Sign up for our newsletters    

Baltimore City Paper home page.

SXSW: Listening in with Kelly Hogan and the mayor of SXSW, Jon Langford

March 21, 2013
By

Kelly Hogan’s I Like To Keep Myself in Pain was the best covers album of 2012, a demonstration that punk/new-wave songwriting is as worthy of inspired interpretive singing as the songwriting of any other era. On Thursday afternoon, during the Blurt magazine day party at the Gingerman Pub in downtown Austin, Hogan made the point even more persuasively than on the disc. Wearing high heels with red ribbons around her ankles and a draped black jacket over a sparkly purple blouse, she sang the album’s title track, written specifically for her by Robyn Hitchcock, as a hushed country lament. In the ache of her voice one could hear the wish that she wasn’t in pain but also the desire to feel something rather than nothing at all.

“Robyn gave me that song for my record,” she said afterward, “because he knows my masochistic bent.” More likely he gave it to her because he knows her gift for sounding understated and gorgeous at the same time—a tough combination to pull off. She hit the combo again on “We Can’t Have Nice Things” by Andrew Bird and Jack Pendarvis, and “Ways of the World” by Vic Chesnutt. Better yet was the prickly, garage-rock ghost story, “Haunted.”

“That,” she said, “was a song by Jon Langford, the ‘unofficial mayor of South by Southwest.’” Hogan isn’t the only one to apply that label to the Welsh guitarist. For most of the past two decades, the leader of the Mekons and Waco Brothers, has been an inescapable presence at the annual conference, showing up at back-patio day parties and evening showcases all over town. He somehow captures the spirit of the week by coming up to people he knows well or not so well and swallowing them in a bear hug while insulting them so profanely and smilingly that they can’t help but return the insult and the grin. The conference itself likewise insults you in a hundred little ways but with enough charm and good intent that you come back year after year.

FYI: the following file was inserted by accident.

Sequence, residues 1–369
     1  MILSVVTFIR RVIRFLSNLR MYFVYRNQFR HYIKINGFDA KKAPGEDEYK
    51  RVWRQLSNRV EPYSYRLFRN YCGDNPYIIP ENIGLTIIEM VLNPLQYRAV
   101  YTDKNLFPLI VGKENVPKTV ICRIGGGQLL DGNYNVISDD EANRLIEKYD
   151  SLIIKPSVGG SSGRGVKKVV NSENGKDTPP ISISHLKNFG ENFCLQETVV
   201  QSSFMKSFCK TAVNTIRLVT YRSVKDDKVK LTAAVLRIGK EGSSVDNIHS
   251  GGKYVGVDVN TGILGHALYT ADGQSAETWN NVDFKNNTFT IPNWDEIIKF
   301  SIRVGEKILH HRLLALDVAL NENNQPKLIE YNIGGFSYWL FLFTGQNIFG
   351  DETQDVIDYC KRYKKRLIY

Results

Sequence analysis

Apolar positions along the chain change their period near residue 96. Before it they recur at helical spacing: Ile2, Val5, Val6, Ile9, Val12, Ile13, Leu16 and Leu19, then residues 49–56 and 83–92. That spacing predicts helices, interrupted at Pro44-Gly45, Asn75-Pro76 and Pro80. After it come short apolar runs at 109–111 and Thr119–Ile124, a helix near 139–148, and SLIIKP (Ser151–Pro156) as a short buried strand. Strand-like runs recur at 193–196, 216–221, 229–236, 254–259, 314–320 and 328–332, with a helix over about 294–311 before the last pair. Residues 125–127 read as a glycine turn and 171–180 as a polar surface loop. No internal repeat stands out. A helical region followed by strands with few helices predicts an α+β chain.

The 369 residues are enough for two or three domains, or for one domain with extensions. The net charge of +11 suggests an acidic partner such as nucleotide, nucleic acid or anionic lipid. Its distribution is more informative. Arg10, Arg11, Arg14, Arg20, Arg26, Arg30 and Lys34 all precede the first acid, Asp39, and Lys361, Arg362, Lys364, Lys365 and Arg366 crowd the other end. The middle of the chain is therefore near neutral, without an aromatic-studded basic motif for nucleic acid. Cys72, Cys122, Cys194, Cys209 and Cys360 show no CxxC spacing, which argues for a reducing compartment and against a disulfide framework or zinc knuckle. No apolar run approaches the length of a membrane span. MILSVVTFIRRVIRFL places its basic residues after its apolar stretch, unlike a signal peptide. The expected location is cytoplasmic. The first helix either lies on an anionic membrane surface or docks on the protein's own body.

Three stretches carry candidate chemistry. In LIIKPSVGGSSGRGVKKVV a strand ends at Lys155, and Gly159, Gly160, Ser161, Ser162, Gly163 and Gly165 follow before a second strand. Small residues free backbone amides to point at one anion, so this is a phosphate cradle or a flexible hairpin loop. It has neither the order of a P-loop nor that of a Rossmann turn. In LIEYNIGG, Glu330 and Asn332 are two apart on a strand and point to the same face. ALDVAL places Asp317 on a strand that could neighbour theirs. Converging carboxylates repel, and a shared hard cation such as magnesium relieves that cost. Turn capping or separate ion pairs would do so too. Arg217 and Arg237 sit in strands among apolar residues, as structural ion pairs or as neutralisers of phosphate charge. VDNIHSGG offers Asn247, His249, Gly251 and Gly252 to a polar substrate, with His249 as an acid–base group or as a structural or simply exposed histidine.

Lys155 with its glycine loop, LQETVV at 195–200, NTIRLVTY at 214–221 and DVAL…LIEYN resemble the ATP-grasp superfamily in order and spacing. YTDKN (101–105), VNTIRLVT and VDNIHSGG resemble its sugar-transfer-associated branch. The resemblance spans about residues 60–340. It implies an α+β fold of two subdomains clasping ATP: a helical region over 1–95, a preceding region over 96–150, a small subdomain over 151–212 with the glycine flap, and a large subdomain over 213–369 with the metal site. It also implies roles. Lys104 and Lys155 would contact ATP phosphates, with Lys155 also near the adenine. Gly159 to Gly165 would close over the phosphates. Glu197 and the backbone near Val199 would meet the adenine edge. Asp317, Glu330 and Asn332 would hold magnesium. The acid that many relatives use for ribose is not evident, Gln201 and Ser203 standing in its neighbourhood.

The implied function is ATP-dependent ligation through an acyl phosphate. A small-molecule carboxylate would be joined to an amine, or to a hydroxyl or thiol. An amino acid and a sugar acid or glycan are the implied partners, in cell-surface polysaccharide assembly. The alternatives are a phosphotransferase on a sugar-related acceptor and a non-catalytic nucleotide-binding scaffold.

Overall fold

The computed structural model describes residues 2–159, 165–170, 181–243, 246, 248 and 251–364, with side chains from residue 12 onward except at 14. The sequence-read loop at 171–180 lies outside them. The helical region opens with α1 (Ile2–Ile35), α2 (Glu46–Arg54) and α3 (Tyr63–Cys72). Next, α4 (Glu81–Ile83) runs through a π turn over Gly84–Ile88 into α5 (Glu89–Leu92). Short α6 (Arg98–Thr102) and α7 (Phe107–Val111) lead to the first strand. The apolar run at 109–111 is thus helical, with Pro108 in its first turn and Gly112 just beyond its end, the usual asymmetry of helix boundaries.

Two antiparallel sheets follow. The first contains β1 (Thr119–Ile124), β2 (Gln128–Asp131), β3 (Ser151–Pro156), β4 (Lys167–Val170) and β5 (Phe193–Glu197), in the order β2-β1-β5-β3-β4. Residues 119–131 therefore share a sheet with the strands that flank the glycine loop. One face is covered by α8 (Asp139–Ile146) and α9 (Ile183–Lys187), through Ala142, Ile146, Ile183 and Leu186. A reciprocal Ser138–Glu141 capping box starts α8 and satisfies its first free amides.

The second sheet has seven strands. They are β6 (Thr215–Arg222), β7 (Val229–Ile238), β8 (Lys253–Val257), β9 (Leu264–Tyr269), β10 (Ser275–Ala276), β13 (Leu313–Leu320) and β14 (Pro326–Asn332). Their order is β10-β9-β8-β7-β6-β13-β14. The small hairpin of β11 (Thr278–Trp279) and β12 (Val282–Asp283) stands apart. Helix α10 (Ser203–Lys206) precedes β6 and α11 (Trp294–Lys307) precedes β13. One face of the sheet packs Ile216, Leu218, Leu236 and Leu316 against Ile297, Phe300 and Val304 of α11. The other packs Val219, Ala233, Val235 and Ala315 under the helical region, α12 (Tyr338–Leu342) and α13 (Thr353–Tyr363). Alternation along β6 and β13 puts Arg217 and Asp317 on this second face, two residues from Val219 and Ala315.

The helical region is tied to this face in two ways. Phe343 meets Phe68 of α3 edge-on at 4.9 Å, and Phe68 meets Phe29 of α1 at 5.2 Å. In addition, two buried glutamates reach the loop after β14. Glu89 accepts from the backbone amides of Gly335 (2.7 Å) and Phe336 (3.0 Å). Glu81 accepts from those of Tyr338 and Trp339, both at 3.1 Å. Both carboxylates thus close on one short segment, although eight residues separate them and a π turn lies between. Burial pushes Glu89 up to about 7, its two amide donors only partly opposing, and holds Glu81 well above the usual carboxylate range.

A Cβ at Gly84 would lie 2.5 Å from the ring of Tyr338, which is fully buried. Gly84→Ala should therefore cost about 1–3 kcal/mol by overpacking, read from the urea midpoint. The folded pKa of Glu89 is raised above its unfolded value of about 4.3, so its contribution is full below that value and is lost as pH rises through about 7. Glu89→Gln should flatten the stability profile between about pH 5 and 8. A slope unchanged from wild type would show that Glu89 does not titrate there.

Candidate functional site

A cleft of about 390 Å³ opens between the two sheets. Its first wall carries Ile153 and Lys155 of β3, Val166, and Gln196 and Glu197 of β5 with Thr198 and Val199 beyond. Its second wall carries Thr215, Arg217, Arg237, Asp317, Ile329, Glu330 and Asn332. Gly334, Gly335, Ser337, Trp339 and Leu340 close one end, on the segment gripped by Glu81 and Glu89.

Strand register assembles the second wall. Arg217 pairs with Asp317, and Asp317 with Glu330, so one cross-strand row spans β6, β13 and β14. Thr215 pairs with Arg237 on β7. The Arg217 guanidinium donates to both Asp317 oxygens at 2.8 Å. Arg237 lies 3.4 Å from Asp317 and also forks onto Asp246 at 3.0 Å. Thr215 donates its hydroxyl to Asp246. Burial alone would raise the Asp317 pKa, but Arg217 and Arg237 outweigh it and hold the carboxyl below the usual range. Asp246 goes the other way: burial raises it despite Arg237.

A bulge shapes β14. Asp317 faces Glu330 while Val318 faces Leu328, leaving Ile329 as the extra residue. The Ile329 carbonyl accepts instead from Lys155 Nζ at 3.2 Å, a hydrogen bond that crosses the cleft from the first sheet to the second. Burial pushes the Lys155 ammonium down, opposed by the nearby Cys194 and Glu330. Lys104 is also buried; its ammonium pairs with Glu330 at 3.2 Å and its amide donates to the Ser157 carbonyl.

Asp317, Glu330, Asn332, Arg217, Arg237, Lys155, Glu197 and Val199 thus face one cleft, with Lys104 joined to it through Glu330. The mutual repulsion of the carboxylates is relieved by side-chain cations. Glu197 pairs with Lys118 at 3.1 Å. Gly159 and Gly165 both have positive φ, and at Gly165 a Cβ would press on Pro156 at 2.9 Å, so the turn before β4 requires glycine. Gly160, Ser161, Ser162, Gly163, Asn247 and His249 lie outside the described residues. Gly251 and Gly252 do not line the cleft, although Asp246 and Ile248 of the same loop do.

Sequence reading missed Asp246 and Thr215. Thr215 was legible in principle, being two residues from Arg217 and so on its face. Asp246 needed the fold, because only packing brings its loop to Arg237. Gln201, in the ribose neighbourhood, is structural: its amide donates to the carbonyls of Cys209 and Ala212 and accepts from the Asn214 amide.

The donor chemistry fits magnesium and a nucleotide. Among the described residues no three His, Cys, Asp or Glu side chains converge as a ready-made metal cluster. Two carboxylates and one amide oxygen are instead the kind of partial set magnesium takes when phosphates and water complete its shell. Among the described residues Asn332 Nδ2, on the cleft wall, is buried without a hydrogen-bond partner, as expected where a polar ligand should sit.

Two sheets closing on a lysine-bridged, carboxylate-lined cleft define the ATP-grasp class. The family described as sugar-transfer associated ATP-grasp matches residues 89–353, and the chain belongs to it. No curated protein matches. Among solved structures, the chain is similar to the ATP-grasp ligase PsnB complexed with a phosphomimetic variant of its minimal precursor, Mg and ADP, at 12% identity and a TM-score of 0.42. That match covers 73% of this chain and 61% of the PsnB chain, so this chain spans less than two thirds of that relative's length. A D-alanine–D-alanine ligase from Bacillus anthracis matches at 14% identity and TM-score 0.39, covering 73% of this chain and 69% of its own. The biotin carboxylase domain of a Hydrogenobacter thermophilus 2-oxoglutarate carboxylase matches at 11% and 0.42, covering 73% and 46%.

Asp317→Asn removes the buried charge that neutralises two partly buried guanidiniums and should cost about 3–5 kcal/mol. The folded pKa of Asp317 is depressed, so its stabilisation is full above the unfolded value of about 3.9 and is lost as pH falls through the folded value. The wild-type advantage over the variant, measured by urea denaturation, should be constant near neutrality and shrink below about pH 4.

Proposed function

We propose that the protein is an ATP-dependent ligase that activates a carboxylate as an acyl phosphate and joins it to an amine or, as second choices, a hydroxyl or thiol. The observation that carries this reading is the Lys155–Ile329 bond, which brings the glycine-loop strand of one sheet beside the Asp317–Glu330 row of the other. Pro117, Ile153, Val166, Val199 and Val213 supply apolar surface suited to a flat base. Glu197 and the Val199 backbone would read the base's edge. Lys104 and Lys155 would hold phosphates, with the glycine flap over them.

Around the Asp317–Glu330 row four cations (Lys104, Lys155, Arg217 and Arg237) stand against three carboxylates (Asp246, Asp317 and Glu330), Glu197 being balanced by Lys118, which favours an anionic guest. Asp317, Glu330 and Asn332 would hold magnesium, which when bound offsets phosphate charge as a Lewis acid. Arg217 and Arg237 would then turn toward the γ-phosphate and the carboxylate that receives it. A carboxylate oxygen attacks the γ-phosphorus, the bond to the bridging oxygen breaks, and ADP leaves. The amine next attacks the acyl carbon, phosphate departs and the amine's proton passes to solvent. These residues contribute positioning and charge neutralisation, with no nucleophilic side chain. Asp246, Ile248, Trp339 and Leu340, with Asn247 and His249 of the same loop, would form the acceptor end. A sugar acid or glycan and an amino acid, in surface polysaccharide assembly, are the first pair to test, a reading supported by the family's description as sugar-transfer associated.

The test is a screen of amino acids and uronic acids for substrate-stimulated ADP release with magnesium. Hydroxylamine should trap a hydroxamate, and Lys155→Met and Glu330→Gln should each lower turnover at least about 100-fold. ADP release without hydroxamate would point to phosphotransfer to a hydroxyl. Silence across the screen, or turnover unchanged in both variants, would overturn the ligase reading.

Langford’s third band, the Skull Orchard, which shares most of its personnel with the Waco Brothers, followed Hogan on the ramshackle wooden stage on the patio behind the bar. In these punk-rock stampedes, bristling with politics and humor, Langford adds just enough melody and poetry to make them memorable, much like his original role models in the Clash. Songs like “Trap Door,” “Deep Sea Diver” and “1, 2, 3, 4ever” had a pell-mell momentum that was hard to resist.

Langford curated the entire day at the Gingerman Pub, mostly showcasing bands from Chicago where he has lived for many years. Garage-rockers such as Twin Peaks and White Mystery had the reckless spirit of Langford’s bands if not always the craft or originality.